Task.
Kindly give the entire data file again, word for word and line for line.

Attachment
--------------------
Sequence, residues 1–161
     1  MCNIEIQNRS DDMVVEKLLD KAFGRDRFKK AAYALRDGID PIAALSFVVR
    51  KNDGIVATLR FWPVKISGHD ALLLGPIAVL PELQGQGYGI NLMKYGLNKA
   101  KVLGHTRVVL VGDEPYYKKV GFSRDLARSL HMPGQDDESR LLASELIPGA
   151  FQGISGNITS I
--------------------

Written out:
Sequence, residues 1–161
     1  MCNIEIQNRS DDMVVEKLLD KAFGRDRFKK AAYALRDGID PIAALSFVVR
    51  KNDGIVATLR FWPVKISGHD ALLLGPIAVL PELQGQGYGI NLMKYGLNKA
   101  KVLGHTRVVL VGDEPYYKKV GFSRDLARSL HMPGQDDESR LLASELIPGA
   151  FQGISGNITS I